Dr Rath Spivack, who is also a member of the Athena SWAN Charter, which seeks to advance gender equality in higher education, remarked that “there is anecdotal evidence that women are ‘put off’ by the nature of STEP exams and the higher risk inherent in offers based on STEP grades. There is also anecdotal evidence that women are less likely, on average, to have the same level of help with STEP preparation in schools as male students.”

Despite these issues, Professor Julia Gog defended the use of STEP, describing it as “the best predictor we have of future potential at degree level.” She argued that it therefore “remains an essential part of our admissions process for choosing the very best students, whatever their background.”

Both Professor Gog and Dr Rath Spivack stressed that their faculty is attempting to address problems surrounding STEP, including the disparities in levels of support offered to students.

“We hope that the free online provision of substantial and high-quality help through the recently launched online STEP Support Programme will make a positive difference to any disparity attributable to STEP.”

Some also theorise that the low proportion of women in the course is itself an off-putting factor for potential applicants. Yanni Du, president of the Archimedeans, the Cambridge University Mathematics Society, suggests that “some women might be intimidated by being in such a male-dominated environment,” adding that she is “currently the only female mathematician in her college studying for a BA”.


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When will Cambridge’s undergraduate body be gender balanced?

While many other subjects historically dominated by men have now succeeded in achieving a gender balance, perceptions of mathematics are usually still male-dominated. One of the ways in which the Emmy Noether Society seeks to support women in mathematics is by “making the ones that are already there visible,” and thereby “hopefully changing everybody’s perception of what a mathematician looks like.”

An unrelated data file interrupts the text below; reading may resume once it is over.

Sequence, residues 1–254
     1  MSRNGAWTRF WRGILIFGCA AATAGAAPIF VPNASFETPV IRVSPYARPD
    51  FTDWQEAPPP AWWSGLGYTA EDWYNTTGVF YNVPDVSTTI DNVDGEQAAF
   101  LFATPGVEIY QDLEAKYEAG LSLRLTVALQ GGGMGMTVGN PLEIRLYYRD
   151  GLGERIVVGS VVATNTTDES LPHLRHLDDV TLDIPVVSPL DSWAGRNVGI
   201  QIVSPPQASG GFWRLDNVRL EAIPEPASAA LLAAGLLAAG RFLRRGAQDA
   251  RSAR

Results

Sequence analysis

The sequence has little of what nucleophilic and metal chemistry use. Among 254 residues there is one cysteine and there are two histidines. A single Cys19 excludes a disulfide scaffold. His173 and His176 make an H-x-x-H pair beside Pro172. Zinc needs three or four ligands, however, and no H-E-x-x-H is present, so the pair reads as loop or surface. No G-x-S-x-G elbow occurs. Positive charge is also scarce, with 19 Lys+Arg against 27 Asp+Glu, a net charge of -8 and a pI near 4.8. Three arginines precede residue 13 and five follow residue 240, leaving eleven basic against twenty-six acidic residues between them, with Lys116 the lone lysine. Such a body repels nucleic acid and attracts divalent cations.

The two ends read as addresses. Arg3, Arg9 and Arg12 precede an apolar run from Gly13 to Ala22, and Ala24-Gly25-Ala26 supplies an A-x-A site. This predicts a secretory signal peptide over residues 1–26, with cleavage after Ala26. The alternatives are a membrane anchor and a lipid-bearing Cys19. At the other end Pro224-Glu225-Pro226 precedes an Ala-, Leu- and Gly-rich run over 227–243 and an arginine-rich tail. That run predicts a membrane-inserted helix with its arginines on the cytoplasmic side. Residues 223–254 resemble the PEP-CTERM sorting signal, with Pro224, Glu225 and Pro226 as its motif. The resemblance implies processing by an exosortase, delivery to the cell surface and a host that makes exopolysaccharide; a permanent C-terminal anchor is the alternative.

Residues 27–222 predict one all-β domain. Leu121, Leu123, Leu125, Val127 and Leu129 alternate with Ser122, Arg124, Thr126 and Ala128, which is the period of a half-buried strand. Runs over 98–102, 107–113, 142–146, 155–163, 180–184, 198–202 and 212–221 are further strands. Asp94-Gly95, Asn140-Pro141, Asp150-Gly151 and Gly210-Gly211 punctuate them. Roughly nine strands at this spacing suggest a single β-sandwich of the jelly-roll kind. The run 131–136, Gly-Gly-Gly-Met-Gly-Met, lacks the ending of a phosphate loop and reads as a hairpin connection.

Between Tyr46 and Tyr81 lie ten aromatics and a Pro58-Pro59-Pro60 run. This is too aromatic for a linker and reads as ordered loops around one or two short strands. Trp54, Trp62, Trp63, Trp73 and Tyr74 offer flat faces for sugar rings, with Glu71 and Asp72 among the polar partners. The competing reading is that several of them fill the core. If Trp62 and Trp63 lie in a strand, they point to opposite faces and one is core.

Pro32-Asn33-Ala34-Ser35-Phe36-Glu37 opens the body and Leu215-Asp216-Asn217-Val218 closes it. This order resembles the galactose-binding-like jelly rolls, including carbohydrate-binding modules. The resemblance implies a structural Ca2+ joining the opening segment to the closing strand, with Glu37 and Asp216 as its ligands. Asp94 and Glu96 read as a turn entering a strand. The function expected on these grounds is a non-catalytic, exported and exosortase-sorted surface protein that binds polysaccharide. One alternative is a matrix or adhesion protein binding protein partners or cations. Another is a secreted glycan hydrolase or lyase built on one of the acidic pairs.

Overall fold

They are not alone in this work. Recent initiatives such as the Women of Mathematics exhibition, on display at various locations around Cambridge earlier this year, and several programmes targeted specifically at women, including the ‘Women in STEM’ summer school hosted by Corpus Christi College, have also sought to provide much needed female role models.

Speaking to Varsity about the importance of the summer schools, Corpus Admissions Tutor Dr Michael Sutherland said: “Past delegates have sometimes commented to me that they were the only girl in their further maths or physics classes, and hadn’t realised that pursuing a STEM subject at a university like Cambridge was an option for them.”

Speakers at the summer school have included Professor Gog, who told Varsity: “We can’t change the world immediately, but each time we get out there, we can help challenge deep-seated attitudes and maybe one more child realises they are extremely welcome to explore maths further.”